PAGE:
Solving problems is about collaboration – it’s about finding others with the right skills and inclination to help identify a solution. When people are asked about what they value most in life it’s not uncommon to hear ‘family’ and ‘health’ at the top of their mind, so it’s fair to assume that problems with our health are the most pressing ones we will ever face. Therefore, they are the most important areas for collaboration.
I would argue that many of the health problems facing society today, from chronic conditions like asthma and diabetes through to acute threats like cancer, can actually only be solved by collaboration across all the healthcare stakeholders. The pharma industry may be the one developing medicines, but the doctors and patients need to have access to them and use them effectively for them to have an impact. They are increasingly judged by their value in the real-world that we live in every day, not the clinical trial setting.
This was one of the reasons why I founded pharmaphorum as a new publication some years ago, with the motto of ‘bringing healthcare together’. I always wanted it to be a vehicle for stimulating dialogue between the pharma industry and all the other people working in healthcare, including the patients themselves, who could help to make a difference. And from the outset – blogging was at the core of it.
Right from day one I invited guest bloggers to share their views and took to social media (primarily Twitter) to help connect with potential new authors. Skip forward a few years, several thousand articles and almost 12,000 Twitter followers and it’s helped to build the most amazing network of people all over the world, from pharma communications professionals in the US, to epatients in Europe and health technology experts in Asia. What is really amazing is how many of those people I have actually got to meet and the conversations that have developed off the back of a simple invite to publish or, increasingly, inbound messages in response to an article. From small acorns and all that.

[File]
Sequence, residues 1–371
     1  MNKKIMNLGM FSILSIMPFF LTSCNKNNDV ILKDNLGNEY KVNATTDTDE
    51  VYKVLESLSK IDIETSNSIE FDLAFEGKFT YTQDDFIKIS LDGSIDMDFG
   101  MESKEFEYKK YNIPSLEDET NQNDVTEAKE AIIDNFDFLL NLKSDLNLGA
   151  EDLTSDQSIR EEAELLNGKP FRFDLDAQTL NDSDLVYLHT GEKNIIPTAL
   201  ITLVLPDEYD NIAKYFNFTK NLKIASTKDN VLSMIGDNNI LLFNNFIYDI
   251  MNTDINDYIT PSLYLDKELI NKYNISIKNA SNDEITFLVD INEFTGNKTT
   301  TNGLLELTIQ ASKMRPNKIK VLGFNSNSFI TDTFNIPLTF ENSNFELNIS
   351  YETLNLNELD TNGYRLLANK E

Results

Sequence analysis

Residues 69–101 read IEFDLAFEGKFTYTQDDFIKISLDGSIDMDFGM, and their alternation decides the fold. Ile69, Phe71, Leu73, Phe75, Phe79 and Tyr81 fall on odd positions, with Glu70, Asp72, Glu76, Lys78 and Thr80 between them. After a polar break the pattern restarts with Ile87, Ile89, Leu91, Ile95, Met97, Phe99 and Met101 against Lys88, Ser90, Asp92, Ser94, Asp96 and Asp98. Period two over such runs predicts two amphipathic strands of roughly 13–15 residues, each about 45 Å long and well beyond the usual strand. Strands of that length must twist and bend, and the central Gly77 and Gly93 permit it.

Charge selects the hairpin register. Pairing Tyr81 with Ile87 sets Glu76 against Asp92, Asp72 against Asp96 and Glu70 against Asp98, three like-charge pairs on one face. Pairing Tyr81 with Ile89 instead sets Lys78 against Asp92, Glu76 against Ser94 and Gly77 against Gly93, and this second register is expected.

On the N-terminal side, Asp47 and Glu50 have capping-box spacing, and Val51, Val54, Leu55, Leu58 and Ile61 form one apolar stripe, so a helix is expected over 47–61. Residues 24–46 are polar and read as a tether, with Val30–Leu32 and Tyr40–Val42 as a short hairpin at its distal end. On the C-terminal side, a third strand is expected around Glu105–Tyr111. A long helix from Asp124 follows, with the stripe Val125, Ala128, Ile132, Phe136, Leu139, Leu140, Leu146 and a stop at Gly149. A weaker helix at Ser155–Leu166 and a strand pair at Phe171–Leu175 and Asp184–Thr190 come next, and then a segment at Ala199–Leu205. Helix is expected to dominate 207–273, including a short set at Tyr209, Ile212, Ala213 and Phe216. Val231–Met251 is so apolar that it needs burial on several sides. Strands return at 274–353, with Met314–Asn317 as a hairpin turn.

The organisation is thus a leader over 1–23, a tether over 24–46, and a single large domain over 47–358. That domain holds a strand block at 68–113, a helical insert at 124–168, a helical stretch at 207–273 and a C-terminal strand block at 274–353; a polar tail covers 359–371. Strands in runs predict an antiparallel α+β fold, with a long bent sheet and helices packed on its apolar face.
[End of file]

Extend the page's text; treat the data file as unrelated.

Of course, an article itself is unlikely to solve the most pressing health issues. It won’t develop an effective new medicine or save anyone’s life, but it will provide the catalyst of an idea, help connect it with others who can build on it and put a face and a name to it, rather than being from an anonymous corporation. With those in place, you have all the ingredients for a digital handshake that could lead to real collaboration – to a phone call, a meeting, perhaps even an advisory board leading to a fantastic new idea to improve outcomes for patients.
But blogging – and especially running a blog – also provides a really credible platform for building trust. Blogging is all about putting yourself in the shoes of your desired reader, thinking about what is of interest to them and inviting other folks, as guest bloggers, to also share their views. It’s about continuous engagement focussed on relevant, common interests, not periodic campaigns focussed on a one-sided didactic and product-focussed agenda. It’s about simply starting conversations that will naturally stimulate collaboration and, ultimately, better real-world solutions.
For all these reasons, I believe that every pharma company has to behave like a publisher to ensure it is an integral part of the healthcare conversation. Its voice is as valuable as every other.
About the author:
Dr Paul Tunnah founded pharmaphorum media in 2009, which has rapidly evolved and developed its offerings to drive better communication, connection and collaboration between the pharmaceutical industry and other healthcare stakeholders. Today, the group spans expertise in publishing (www.pharmaphorum.com and www.diseasespotlight.com), engagement consulting (www.pharmaphorumconnect.com) and media projects coordinated with patient organisations / charities (www.pharmaphorumhcp.com). Prior to this, Dr Tunnah attained a BA in Biochemistry and DPhil in Biological Sciences from Oxford University, before working in commercial consulting for Datamonitor, IMS Health and SmartAnalyst.